Paul Tonkinson’s 26.2 Miles to Happiness: A Comedian’s Tale of Running, Red Wine, and Redemption has quickly ascended towards the top of my running book podium.
It is, admittedly, a relatively small pile, as reading about running is still a newer habit of mine but, nevertheless, it is very good.
Although that pile is small, it is mighty. I’ve talked about some of the greats on this site already. Tonkinson’s book may not be quite as desperately inward facing as Murakami’s What I Talk About When I Talk About Running, nor does it seek to change the running landscape like Christopher McDougall’s Born to Run, but it is an insightful read for runners of all abilities and ambitions and, more importantly, it is a whole lot of fun to read.
Structured around Tonkinson’s sub-3 hour attempt at the London Marathon, the book is a journey (aren’t they all?) firstly in the physical sense, sure, but also emotionally, and perhaps you might say, if you were so inclined, spiritually. That perhaps suggests a kind of pretentious worthiness which is not on display in the writing, but running is a multi-faceted journey of sorts. It is a test of spirit, heart, and grit, more so than it is about VO2 max, and anaerobic thresholds. Running is a journey which takes you out of the door, around the block, and back to your door again but also, in the grander scheme of Things, the habit of running when looked at as whole represents a journey on a broader scale, perhaps not in terms of location, but in terms of our development, in terms of history, and in terms of character.
That is what this book is. A running journey, A Tale, as it is put in the title, of Running, Red Wine, and Redemption.
Tonkinson is a comedian who has slipped betwixt the ears of many a runner, including myself, through the Running Commentary podcast which he hosts with his pal and fellow comedian Rob Deering. If you aren’t familiar with the show it features the two comedians running and chatting (at the same time) for our listening pleasure. It is the perfect companion for a solo run meant to be managed at that somewhat elusive “conversational” pace. Often the talk is rather casual, just a catch up, other times they talk training, and then, sometimes, it can all turn rather existential.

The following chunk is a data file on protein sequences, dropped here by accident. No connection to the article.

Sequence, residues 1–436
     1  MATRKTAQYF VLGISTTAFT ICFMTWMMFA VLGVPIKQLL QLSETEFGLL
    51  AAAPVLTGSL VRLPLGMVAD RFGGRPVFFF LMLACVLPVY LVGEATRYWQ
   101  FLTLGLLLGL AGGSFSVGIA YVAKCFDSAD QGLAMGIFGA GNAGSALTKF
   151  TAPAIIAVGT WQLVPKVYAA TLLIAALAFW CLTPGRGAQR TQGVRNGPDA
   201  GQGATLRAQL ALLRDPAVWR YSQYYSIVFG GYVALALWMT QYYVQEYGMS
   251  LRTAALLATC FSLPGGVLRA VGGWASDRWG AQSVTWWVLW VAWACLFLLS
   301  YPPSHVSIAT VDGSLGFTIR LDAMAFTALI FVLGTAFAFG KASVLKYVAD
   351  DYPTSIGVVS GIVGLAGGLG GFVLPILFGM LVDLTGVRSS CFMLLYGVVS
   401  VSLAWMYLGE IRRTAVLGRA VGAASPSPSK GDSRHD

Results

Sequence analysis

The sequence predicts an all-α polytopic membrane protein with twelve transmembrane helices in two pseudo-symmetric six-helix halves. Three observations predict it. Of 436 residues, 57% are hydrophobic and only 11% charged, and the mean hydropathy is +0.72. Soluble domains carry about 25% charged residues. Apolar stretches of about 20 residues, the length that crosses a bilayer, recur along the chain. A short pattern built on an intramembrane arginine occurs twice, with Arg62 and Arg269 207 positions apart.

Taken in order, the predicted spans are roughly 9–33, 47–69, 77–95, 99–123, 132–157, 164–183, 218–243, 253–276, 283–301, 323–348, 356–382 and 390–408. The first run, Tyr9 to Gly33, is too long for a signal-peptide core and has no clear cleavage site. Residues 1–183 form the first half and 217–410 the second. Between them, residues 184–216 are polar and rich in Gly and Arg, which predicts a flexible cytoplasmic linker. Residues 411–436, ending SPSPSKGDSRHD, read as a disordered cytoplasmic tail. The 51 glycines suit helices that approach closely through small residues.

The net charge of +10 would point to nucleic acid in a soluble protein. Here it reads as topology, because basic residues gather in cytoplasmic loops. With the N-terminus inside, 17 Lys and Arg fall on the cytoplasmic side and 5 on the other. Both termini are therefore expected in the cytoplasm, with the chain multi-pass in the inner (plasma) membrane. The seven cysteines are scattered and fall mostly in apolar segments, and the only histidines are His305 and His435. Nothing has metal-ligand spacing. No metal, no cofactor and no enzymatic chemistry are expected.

It is, in all, a good old time and, like the book, I recommend it.
Tonkinson’s is a seasoned runner, aiming for sub-3 at London. A good runner, but not a pro. He doesn’t break down his training into little crumbs of data for us hungry little tech pigeons to peck at, no, he is just a guy who really likes running, has liked it for a long time, and is rather excellent when it comes to writing about it. I particularly enjoy his penchant for slightly over-doing it in his descriptions of the highs and lows of a run.
Take, for example, this snippet about the joy which comes at the end of a tough run:
“To run for ever would be sweaty purgatory; to never run at all would be unimaginable hell; but to stop running after running is a heavenly stillness, a celestial cessation of self-inflicted torment, a sensational stasis.”
A bit much, yes, but at the same time…is that not exactly how it feels when you’re in it? Yes, yes it’s a joke but you know, it’s funny because it’s true. Running is one of the most dramatically awful/joyous activities that we continuously return to.
Why do we do it?
It’s a question we hear from those who don’t understand why we’d subject ourselves to such frequent misery, and also it’s a question that, from time to time, we ask ourselves. Throughout the book Tonkinson addresses that question, and explores the complicated nature of the answers in a manner which is extremely funny, and genuinely profound.
And once drawn into Tonkinson’s reflections you may start to have some small revelations of your own.
Where did it all start?
What keeps you doing it? Day after day after day after…
Why does it feels so good?
Why does it feel so bad?
And, where, when all is said and done, do you want running to take you?
The book doesn’t have the answers. It’s not about your journey. But it might just serve as inspiration for a healthy dose of self-reflection, and an increased appreciation for a gruelling, wonderful, simple, sport.